PLoS ONE 01/2013; 8(3):e58169. · 3.73 Impact Factor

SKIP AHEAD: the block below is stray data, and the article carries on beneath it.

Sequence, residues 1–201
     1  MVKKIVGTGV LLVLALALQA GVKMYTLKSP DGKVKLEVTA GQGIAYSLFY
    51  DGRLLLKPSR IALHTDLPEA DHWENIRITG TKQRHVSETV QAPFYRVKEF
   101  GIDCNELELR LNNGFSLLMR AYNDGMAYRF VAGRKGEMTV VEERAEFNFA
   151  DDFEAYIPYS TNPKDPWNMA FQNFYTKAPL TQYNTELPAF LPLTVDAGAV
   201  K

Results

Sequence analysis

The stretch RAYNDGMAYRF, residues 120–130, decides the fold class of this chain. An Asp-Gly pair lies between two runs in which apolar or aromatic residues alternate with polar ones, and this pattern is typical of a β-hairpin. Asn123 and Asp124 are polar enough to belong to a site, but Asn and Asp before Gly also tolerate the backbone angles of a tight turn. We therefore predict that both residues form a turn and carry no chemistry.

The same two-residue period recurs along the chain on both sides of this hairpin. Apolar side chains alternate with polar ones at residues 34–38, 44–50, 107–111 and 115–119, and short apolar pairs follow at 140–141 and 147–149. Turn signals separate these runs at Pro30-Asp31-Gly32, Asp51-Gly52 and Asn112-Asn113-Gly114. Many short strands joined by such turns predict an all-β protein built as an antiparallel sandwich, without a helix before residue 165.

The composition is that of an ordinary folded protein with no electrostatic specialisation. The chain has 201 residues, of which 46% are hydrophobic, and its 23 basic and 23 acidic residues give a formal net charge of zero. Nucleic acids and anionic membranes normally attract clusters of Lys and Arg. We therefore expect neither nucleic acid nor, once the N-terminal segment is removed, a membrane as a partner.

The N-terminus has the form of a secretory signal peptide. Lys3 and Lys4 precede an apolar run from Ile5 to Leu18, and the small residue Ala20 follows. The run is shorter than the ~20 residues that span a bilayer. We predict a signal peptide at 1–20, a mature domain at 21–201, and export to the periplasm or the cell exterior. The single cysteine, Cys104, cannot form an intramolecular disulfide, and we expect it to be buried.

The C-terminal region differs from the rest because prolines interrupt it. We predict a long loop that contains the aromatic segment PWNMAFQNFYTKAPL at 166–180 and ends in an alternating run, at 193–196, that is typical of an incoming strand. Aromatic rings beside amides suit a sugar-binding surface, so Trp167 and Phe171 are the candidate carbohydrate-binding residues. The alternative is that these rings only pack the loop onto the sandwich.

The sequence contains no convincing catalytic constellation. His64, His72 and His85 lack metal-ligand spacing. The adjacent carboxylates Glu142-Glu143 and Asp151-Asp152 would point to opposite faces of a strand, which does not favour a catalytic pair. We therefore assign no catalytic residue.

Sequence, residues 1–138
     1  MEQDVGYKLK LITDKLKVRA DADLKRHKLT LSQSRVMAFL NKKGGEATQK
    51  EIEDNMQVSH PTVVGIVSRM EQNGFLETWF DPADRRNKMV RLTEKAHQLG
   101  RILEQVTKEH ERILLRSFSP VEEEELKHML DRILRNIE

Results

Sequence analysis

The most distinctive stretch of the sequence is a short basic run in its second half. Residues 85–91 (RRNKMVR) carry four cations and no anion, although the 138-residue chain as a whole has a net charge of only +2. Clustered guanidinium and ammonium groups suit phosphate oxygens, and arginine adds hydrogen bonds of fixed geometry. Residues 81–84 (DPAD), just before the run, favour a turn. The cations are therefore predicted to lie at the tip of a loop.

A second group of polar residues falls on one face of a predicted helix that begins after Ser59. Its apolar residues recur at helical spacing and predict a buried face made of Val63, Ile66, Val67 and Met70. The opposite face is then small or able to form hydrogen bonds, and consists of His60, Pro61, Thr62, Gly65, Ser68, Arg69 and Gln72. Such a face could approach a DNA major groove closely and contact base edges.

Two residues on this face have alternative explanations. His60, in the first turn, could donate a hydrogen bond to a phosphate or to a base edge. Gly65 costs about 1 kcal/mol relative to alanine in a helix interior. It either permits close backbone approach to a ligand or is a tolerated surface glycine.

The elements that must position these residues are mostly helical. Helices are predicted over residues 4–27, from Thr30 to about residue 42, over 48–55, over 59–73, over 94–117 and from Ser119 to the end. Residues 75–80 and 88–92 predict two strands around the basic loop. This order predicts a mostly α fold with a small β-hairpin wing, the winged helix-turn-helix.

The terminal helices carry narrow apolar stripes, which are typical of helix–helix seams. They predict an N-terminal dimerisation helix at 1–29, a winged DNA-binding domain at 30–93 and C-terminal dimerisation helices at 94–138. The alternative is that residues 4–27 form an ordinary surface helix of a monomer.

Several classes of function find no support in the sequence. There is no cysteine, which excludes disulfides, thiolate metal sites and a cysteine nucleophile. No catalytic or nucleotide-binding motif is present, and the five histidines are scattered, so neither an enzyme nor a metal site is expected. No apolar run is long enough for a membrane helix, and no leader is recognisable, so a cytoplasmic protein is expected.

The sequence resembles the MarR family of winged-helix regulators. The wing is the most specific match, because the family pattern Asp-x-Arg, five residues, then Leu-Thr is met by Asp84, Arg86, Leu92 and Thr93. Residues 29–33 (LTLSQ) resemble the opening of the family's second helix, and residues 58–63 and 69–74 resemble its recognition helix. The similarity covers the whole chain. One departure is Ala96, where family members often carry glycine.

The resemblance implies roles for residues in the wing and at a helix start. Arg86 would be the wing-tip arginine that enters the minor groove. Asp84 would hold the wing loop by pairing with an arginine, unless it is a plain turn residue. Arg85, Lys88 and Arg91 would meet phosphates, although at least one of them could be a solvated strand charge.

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    ABSTRACT: Recent studies have demonstrated a potent anticancer potential of medicinal fungus Antrodia cinnamomea, especially against hepatocarcinoma. These studies, however, were performed with prolonged treatments, and the early anticancer events remain missing. To probe the early anticancer mechanisms of A. cinnamomea, we treated SK-Hep-1 liver cancer cell with A. cinnamomea fruiting body extract for 2 and 4 hours, sequenced RNA samples with next-generation sequencing approach, and profiled the genome-wide miRNA and mRNA transcriptomes. Results unmistakably associated the early anticancer effect of A. cinnamomea fruiting body extract with a global downregulation of miRNAs which occurred solely in the A. cinnamomea fruiting body extract-treated SK-Hep-1 cells. Moreover, the inhibitory effect of A. cinnamomea fruiting body extract upon cancer miRNAs imposed no discrimination against any particular miRNA species, with oncomirs miR-21, miR-191 and major oncogenic clusters miR-17-92 and miR-106b-25 among the most severely downregulated. Western blotting further indicated a decrease in Drosha and Dicer proteins which play a key role in miRNA biogenesis, together with an increase of XRN2 known to participate in miRNA degradation pathway. Transcriptome profiling followed by GO and pathway analyses indicated that A. cinnamomea induced apoptosis, which was tightly associated with a downregulation of PI3K/AKT and MAPK pathways. Phosphorylation assay further suggested that JNK and c-Jun were closely involved in the apoptotic process. Taken together, our data indicated that the anticancer effect of A. cinnamomea can take place within a few hours by targeting multiple proteins and the miRNA system. A. cinnamomea indiscriminately induced a global downregulation of miRNAs by simultaneously inhibiting the key enzymes involved in miRNA maturation and activating XRN2 protein involved in miRNA degradation. Collapsing of the miRNA system together with downregulation of cell growth and survival pathways and activation of JNK signaling unleash the extrinsic and intrinsic apoptosis pathways, leading to the cancer cell death.